In the court's view, a penalty of $500 per continuous act of marking, would contravene Congress's intent to enforce the statute by third parties' qui tam suits. Id. at 1303. The court considered it "unlikely that any qui tam plaintiffs would incur the enormous expense of patent litigation in order to split a $500 fine with the government." Id. at 1304. The court recognized that its decision might "encourage 'a new cottage industry' of false marking litigation" and attempted to alleviate concerns by noting that § 292 does not require that the full $500 per-article fine be imposed in every case. Id. Rather, in the "case of inexpensive mass-produced articles, a court has the discretion to determine that a fraction of a penny per article is a proper penalty." Id.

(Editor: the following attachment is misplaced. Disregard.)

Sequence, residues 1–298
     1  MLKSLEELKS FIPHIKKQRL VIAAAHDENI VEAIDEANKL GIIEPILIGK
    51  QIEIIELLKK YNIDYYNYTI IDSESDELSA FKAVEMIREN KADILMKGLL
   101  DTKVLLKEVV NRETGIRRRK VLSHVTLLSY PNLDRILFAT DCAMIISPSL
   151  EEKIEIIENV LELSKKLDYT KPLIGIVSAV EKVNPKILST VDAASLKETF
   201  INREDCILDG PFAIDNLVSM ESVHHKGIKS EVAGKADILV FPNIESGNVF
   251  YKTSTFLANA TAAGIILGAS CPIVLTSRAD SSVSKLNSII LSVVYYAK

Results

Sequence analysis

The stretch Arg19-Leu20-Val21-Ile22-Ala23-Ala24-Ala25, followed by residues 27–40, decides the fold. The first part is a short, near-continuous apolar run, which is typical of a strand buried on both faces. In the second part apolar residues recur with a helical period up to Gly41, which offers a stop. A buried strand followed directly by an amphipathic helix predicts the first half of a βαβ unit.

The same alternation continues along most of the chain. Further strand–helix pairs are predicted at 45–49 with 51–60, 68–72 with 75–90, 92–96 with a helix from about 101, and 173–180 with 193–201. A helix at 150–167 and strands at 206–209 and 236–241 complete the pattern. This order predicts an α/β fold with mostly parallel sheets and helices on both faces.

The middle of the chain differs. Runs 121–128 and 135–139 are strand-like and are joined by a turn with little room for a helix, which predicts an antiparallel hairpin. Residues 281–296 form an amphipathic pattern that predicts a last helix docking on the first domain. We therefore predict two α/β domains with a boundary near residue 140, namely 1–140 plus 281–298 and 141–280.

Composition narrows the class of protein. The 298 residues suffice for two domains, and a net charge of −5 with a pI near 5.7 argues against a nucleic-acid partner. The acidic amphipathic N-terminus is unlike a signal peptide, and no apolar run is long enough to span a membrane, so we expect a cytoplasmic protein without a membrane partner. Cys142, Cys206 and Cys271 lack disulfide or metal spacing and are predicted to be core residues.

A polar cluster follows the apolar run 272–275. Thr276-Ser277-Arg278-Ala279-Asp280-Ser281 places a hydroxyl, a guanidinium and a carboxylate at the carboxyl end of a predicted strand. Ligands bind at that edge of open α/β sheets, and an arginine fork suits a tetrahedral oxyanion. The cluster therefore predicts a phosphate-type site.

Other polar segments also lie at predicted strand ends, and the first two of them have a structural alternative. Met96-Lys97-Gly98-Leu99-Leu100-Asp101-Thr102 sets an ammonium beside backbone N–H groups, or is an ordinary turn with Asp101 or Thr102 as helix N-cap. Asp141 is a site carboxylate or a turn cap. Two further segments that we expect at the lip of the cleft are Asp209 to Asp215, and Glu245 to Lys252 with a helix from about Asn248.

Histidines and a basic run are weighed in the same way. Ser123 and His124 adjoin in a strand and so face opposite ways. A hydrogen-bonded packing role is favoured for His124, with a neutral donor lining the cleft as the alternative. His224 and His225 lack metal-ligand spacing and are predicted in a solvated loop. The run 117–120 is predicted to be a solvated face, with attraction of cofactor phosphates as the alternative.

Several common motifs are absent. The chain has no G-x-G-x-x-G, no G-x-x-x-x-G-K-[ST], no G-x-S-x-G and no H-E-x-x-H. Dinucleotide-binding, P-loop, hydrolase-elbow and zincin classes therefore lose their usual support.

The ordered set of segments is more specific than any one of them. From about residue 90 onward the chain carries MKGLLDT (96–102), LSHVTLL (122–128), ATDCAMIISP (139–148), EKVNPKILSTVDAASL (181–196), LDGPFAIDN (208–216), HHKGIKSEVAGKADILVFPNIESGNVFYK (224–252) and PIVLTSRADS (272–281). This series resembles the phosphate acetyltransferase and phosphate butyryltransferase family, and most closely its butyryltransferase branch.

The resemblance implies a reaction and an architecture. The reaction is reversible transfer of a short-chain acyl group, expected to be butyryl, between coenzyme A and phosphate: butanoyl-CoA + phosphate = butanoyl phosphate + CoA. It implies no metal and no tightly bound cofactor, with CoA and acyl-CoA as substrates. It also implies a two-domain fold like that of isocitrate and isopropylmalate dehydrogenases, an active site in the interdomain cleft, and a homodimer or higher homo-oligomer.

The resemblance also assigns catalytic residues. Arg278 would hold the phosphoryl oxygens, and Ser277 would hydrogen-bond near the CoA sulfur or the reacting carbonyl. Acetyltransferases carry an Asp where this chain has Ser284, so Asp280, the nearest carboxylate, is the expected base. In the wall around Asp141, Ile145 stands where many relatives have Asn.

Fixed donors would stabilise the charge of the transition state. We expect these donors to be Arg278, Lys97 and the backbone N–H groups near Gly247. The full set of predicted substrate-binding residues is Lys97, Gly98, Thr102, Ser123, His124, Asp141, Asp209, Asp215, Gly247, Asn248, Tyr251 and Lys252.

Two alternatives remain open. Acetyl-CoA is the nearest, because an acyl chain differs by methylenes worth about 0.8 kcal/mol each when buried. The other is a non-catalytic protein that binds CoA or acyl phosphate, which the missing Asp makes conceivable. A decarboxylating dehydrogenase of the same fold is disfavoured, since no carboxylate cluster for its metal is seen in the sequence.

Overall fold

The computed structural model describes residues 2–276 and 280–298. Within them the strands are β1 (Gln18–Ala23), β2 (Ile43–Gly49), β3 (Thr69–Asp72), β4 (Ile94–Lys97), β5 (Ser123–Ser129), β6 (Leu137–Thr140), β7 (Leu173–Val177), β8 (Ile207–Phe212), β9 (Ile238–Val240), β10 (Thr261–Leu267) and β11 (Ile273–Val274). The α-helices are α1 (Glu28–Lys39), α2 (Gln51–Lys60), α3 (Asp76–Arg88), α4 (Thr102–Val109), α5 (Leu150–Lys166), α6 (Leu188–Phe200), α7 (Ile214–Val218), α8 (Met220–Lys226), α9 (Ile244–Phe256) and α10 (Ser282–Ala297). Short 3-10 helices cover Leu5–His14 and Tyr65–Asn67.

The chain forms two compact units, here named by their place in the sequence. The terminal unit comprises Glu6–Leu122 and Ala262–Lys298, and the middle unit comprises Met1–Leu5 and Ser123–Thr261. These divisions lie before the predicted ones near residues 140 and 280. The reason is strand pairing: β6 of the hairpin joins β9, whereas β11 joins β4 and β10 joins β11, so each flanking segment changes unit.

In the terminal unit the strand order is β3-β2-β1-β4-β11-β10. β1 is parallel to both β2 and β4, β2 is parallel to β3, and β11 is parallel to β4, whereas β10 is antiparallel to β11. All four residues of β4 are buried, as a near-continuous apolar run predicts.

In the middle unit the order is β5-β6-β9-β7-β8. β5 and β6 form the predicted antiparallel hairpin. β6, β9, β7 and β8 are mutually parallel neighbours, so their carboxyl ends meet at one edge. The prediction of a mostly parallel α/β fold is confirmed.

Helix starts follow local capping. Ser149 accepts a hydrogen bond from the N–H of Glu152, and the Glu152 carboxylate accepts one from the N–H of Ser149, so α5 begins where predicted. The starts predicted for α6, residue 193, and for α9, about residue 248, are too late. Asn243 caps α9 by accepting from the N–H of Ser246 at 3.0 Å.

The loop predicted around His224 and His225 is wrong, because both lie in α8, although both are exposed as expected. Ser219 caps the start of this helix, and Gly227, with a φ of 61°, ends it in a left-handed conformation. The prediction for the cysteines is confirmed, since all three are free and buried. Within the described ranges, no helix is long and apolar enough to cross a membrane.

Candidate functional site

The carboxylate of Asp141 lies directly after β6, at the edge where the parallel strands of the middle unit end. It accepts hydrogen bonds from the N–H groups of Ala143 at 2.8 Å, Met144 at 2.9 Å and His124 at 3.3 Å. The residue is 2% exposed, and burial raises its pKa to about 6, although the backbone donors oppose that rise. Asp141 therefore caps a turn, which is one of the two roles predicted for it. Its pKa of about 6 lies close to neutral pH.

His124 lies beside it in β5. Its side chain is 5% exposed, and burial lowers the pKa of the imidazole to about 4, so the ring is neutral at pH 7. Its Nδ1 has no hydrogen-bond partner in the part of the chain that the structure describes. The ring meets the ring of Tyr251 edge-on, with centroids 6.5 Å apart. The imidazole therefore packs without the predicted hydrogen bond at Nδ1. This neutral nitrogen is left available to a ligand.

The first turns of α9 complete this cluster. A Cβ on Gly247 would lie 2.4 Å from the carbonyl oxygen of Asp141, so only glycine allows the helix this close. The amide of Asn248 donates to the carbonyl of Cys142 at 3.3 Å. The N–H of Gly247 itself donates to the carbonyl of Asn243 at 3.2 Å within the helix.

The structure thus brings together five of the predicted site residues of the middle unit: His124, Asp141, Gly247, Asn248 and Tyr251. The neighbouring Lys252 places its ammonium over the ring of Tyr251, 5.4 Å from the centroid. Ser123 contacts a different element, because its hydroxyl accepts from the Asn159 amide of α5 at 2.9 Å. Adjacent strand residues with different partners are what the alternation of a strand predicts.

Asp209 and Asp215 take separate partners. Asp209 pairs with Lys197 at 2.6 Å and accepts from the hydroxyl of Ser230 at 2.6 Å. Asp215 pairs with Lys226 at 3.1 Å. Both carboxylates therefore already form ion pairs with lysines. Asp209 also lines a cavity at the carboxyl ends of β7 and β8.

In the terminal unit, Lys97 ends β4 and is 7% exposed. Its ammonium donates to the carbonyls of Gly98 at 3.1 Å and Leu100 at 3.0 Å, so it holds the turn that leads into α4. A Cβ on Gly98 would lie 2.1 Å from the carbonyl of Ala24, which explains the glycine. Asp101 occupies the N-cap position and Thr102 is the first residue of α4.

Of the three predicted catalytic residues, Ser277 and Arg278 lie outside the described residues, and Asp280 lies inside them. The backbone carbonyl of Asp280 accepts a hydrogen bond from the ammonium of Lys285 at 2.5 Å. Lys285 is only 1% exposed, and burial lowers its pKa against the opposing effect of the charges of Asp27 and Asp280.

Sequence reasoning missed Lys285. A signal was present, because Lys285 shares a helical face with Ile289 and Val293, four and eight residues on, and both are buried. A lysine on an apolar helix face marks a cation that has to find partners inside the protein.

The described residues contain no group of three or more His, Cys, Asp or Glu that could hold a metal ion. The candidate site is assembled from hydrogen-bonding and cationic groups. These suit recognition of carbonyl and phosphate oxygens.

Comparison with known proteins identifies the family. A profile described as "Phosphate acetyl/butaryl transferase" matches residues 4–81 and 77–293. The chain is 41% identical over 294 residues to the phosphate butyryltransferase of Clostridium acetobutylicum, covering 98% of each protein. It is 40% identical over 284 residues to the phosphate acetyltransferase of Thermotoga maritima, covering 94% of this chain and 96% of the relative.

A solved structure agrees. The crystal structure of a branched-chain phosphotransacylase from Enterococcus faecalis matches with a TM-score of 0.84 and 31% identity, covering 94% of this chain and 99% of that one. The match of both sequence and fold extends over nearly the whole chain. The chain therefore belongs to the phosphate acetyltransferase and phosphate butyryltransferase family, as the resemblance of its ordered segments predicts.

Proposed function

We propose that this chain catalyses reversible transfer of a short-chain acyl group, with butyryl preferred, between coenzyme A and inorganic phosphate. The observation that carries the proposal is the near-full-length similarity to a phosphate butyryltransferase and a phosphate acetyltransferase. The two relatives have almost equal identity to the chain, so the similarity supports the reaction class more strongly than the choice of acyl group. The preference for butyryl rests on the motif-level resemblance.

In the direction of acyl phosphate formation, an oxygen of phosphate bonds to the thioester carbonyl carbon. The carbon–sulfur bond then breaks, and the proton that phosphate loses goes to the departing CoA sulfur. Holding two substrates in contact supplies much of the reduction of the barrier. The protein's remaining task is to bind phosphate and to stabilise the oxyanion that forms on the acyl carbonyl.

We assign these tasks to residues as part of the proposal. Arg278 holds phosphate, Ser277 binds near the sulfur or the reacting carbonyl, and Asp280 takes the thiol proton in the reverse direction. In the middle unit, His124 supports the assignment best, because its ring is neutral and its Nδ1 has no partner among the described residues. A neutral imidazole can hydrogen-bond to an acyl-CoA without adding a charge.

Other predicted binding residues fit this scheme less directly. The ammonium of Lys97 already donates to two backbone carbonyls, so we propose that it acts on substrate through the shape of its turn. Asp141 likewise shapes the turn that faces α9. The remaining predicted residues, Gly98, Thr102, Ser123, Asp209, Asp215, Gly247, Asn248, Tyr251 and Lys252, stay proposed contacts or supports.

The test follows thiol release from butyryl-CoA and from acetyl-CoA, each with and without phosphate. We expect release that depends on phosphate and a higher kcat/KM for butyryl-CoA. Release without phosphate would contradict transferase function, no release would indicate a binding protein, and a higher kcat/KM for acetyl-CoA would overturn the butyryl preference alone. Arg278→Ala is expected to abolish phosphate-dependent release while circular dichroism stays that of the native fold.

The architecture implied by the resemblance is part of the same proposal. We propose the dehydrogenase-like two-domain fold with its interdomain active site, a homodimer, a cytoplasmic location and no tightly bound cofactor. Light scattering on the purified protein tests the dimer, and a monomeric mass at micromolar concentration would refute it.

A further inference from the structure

On remand, the district court assessed a per-article fine equal to the highest price at which the articles had been sold to fulfill the "deterrent goal of § 292's fine provision." Forest Group, Inc. v. Bon Tool Co ., No. H-05-4127, 2010 U.S. Dist. Lexis 41291, *6-7 (S.D. Tex. April 27, 2010). Under this formula, Forest Group paid $6,840, i.e. , highest sales price of $180 times 38 falsely marked stilts.

Guidelines To Help Avoid False Marking Claims

Predictably, as a result of the Forest Group decision, false patent marking litigation has mushroomed. Companies, however, can undertake several actions, outlined below, to mitigate the possibility and/or impact of such lawsuits.

• Implement a written patent marking program that holistically defines the company's patent marking policies and procedures.